Part 8 of my Top Ed-Tech Trends of 2012 series
An Introductory Sidenote
In late 2007, Web browser pioneer, entrepreneur, and now venture capitalist Marc Andreessen wrote a really great blog post about Internet platforms. When I decided I’d write about education platforms as one of my Top Ed-Tech Trends, I immediately searched for it. I had only a vague recollection of what Andreessen had written. But I figured it’d give a good definition of Internet platforms and be an interesting frame for what I wanted to say about the “platforming of education." Because, ya know, it’s Marc Andreessen. (Link to Wikipedia entry, in case you don’t know.)
Slight problem: some time in 2009, Andreessen deleted most of his blog posts, including that one.
So a shout-out of thanks here to the folks who archived much of the site. And also, WTF Marc Andreessen deleting his blog?!
Defining the Education Platform
We throw the term “platform” around a lot in tech-speak, using it to refer to everything from software to hardware, from applications to operating systems, from websites to the Web and the Internet itself. In tech-marketing-speak, “platform” is often meant to invoke greatness or aspirations thereof: to become a platform is a goal — “the next Facebook,” if you will.
Marc Andreesen offered a good definition of platforms in a 2007 post titled “The Three Kinds of Platforms You Meet on the Internet”:
A “platform” is a system that can be programmed and therefore customized by outside developers — users — and in that way, adapted to countless needs and niches that the platform’s original developers could not have possibly contemplated, much less had time to accommodate.
Andreessen goes on to argue that there are 3 levels of Internet platforms — 1. Access API, 2. Plug-in API, and 3. Runtime environment — the differences depending on where and how developers run the code, as well as the amount of technical expertise and financial resources necessary to do so. Level 3 platforms are the best for developers, Andreessen contends, adding that “I believe that in the long run, all credible large-scale Internet companies will provide Level 3 platforms. Those that don’t won’t be competitive with those that do, because those that do will give their users the ability to so easily customize and program as to unleash supernovas of creativity.”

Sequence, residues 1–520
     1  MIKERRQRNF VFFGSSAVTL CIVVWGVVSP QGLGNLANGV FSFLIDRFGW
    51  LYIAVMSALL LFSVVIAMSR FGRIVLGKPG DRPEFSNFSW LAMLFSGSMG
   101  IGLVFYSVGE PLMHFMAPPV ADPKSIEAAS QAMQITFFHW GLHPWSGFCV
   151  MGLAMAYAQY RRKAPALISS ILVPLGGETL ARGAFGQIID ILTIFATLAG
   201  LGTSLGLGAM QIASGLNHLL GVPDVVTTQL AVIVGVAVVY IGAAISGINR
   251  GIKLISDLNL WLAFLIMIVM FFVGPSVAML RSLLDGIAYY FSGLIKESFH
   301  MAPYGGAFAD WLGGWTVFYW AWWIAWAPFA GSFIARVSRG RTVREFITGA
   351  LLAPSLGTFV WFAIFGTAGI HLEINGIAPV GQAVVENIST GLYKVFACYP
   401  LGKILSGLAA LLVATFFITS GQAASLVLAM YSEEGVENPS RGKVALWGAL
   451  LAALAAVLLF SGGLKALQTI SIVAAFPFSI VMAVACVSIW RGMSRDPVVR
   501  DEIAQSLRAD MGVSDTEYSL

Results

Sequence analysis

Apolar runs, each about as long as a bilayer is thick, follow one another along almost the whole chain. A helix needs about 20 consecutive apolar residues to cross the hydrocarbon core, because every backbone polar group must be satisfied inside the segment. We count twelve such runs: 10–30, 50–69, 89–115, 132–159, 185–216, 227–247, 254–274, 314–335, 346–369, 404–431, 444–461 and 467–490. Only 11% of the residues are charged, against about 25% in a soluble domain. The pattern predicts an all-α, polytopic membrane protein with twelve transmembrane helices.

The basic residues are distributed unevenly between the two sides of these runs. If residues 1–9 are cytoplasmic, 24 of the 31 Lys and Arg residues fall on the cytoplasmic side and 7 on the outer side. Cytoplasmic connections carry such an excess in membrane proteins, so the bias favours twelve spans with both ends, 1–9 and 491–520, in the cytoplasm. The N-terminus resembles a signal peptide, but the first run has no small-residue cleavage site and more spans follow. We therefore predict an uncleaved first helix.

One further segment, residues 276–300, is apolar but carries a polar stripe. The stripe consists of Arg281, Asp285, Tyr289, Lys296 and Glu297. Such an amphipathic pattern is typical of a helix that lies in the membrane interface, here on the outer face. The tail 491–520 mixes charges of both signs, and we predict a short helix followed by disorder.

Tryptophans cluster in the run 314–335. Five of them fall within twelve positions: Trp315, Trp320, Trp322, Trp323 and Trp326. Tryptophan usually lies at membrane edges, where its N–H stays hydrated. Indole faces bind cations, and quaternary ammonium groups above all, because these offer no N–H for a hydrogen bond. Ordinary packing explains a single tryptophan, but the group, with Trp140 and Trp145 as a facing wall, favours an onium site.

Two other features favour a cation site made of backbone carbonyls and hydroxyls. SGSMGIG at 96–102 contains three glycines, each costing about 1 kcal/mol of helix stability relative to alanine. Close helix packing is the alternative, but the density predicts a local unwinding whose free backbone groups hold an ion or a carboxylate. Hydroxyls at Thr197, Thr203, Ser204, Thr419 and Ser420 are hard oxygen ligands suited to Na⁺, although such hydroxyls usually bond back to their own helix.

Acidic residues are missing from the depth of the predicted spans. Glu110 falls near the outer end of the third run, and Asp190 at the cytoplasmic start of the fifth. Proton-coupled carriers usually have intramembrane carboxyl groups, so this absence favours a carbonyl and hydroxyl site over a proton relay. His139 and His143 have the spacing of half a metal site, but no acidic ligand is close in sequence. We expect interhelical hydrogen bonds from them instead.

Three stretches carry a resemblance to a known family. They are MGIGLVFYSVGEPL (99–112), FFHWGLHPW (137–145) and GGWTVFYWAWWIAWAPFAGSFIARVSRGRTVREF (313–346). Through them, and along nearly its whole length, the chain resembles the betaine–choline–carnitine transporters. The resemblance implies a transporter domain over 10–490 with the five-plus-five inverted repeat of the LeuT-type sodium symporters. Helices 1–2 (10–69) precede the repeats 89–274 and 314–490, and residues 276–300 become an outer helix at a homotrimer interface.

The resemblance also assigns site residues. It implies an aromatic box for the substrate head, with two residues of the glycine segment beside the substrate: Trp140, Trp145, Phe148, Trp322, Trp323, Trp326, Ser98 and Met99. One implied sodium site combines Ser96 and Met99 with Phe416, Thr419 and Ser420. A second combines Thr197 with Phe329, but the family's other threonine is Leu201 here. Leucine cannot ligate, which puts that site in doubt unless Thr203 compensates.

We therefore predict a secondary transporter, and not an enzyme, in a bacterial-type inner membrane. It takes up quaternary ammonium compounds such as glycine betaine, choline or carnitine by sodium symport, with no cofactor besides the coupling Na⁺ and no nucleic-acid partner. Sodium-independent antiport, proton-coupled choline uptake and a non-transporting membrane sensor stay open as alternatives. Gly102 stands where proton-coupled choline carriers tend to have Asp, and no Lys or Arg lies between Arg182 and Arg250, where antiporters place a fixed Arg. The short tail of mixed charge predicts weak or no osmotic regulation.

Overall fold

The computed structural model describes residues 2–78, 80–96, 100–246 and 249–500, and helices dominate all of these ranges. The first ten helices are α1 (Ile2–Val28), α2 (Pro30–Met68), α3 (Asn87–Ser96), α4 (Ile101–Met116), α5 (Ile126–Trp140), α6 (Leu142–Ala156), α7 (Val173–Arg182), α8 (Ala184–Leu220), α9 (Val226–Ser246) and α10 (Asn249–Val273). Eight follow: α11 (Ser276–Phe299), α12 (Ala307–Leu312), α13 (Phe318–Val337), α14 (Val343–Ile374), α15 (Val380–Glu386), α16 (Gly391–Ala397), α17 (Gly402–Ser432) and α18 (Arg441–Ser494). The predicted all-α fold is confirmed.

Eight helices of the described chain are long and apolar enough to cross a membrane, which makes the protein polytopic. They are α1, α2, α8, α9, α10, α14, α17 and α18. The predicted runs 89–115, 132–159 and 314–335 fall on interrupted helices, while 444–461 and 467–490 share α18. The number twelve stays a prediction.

There are some flaws with Andreessen’s taxonomy here (best articulated by Fluidinfo’s Terry Jones) — least of which being his argument that Ning (the company he was then chairman of) sits at the pinnacle of Level 3. But as we think about education platforms — who is building them, who is developing third-party apps for them, why, and how — I still think it’s a useful technical framework.
But the programmatic aspect of platforms is just one part of why they’re important in education. There, they offer functionality that includes content, course administration, assessment, analytics, communication/collaboration, and external apps. Education platforms (and I should clarify here that I’m focusing specifically on Internet education platforms) are a fairly new development, I’d argue, and while the Web remains my favorite education platform, what we witnessed in 2012 is probably less about the open Web and more about the development of closed commercial platforms.
To say that education platforms are a fairly new development is not to say there aren’t major education / technology companies. Of course there are. Publishers. Software makers. Student information systems. Interactive whiteboard makers. But until recently there weren’t really platforms, certainly not Internet platforms in education — not the way in which Andreessen describes them at least.
Of course, until recently, there’s been a dearth of Web APIs in education — and that’s the technical pre-requisite for even Level 1 of Andreessen’s platform definition. In fact, as I wandered the rows of exhibitors at the ISTE conference this summer, asking them if their product had an API, it became pretty clear that they’re still few and far between.
As I wrote about APIs back in April, that means
Educational data is stuck in silos, something fostered by educational software – administrative and instructional – that makes it cumbersome at best and impossible at worst to move data in and out of systems. As a result, there’s lots of extra clerical work that educators and administrators have to do – recreating rosters, copying grades, downloading CSVs, copying-and-pasting, and so on. All because educational apps and software do not, as a rule, talk to one another.
The cost of upgrading schools’ various software packages and databases is high, But there were several major advancements this year in developing APIs to help retrofit legacy systems, including the launch of the non-profit Shared Learning Collaborative (SLC) and two for-profit startups Learnsprout and Clever. (See also: Top Ed-Tech Trends of 2012: Education Data and Learning Analytics for more details on these.)